ACORN CEO Bertha Lewis announced that former Massachusetts Attorney General Scott Harshbarger will lead an independent inquiry into the "organizational systems and processes" of the embattled group's social services, and said that ACORN will make public the results of that inquiry. This is an important step in getting this organization back on track.
A lot has been said about the videotaped hoax that was perpetrated on ACORN and how the staff in a few of their field offices responded. And it's certainly true that there have been significant problems at ACORN over the years.
But we all need to ask what the recent events involving ACORN mean to families and communities across America.
We face multiple crises in jobs, health care, housing, education, and other problems -- and the out-of-control influence of corporate money in policy making.
Nonprofit organizations that stand up for the powerless in our society and that provide vital services in our communities have never been needed more than they are today.
This comes at a time when nonprofits are being asked to meet dramatically increased needs with substantially reduced funding.
And yet, at this moment of greatest need, both houses of Congress have set an unbelievably ill-advised and dangerous precedent.
Responding to those made-for-YouTube incidents and their pumped up circulation on Fox News, all Republicans and most Democrats voted to prohibit ACORN from ever competing for a federal contract or federal grant.
Congress stepped out of its legislative role and rushed to judgment, acting as judge, jury, and prosecutor. That is not how we should do things in this country.
I'm not surprised, though. Targeting ACORN is part of a decades-long effort to "defund the left."
It's not the first time we have heard that word "defund." For thirty years, the right wing and their allies in Congress have tried to "defund" nonprofit organizations that organize and advocate on behalf of everyday Americans.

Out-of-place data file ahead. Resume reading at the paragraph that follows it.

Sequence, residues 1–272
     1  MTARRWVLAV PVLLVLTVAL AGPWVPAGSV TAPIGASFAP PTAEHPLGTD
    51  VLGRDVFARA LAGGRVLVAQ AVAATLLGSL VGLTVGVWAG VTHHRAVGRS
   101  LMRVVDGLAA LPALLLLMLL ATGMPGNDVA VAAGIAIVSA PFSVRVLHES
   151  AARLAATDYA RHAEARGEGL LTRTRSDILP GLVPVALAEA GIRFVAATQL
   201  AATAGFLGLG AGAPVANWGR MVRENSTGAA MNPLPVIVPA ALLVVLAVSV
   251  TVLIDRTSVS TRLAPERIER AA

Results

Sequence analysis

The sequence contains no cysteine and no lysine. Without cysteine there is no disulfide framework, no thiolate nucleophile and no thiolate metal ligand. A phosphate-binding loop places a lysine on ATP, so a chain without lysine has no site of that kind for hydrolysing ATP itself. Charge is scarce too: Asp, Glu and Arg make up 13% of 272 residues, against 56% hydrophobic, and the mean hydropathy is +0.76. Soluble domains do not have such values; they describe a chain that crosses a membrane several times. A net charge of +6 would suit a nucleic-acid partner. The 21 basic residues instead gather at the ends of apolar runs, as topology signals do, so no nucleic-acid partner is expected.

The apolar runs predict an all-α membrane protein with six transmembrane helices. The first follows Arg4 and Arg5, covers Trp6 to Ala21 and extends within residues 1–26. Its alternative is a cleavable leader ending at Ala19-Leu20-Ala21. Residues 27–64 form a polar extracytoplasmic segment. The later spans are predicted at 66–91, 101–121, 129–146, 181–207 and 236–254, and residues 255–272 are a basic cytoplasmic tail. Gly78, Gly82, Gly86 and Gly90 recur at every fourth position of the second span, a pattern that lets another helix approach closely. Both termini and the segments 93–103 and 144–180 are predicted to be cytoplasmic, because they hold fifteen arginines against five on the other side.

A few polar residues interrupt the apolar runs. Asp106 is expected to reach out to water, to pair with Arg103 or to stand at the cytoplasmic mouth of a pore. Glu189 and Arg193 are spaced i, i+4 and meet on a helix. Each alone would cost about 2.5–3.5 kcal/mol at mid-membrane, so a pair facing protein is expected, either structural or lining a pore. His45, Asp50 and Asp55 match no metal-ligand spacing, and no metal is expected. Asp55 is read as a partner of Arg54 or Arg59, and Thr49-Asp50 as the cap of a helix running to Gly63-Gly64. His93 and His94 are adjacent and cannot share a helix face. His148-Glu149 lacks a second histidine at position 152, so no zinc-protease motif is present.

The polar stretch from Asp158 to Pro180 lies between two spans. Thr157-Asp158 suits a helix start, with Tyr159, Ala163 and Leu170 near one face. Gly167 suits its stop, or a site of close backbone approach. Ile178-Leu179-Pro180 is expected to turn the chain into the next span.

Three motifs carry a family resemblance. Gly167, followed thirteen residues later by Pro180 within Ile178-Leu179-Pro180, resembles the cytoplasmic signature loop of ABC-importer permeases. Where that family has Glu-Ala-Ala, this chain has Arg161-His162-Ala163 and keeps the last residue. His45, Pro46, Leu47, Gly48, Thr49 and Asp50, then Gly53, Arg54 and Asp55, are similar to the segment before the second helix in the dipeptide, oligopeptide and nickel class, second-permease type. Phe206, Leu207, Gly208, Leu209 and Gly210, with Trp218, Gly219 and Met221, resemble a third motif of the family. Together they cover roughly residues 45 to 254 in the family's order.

In the 1980s, conservatives began what they called a campaign to "defund the left," starting with groups such as the Audubon Society and the Urban League.
The Reagan administration, acting on the basis of a Heritage Foundation proposal, proposed an executive order that would have prohibited an organization that received federal funds from using its own funds to engage in issue advocacy or lobbying. That un-American proposal set off so much protest from nonprofit, religious, and charitable organizations that the proposal was dropped.
In 1995, Rep. Ernest Istook (R-OK) tried again. He introduced an amendment that would have prohibited nonprofits who received federal funds from lobbying even with nonfederal dollars. A coalition of nonprofit groups fought that legislation and it was defeated.
And now today, as right-wing activist Andrew Breitbart told the Washington Post, "everybody that is a conservative news junkie thinks that ACORN is the most important institution for us to uncover to the American public."
ACORN -- despite all of its problems -- does work that is worth saving. They have helped tens of thousands of responsible low- and moderate-income families understand their rights and prevent foreclosures so they could stay in their homes. Its 400,000 members have played a leading role in winning local ordinances that require big companies that receive public dollars to pay a living wage. It has helped 1.7 million poor and working class people register to vote.
As ACORN takes steps to get its house in order, Congress should take a deep breath and give this process time to work.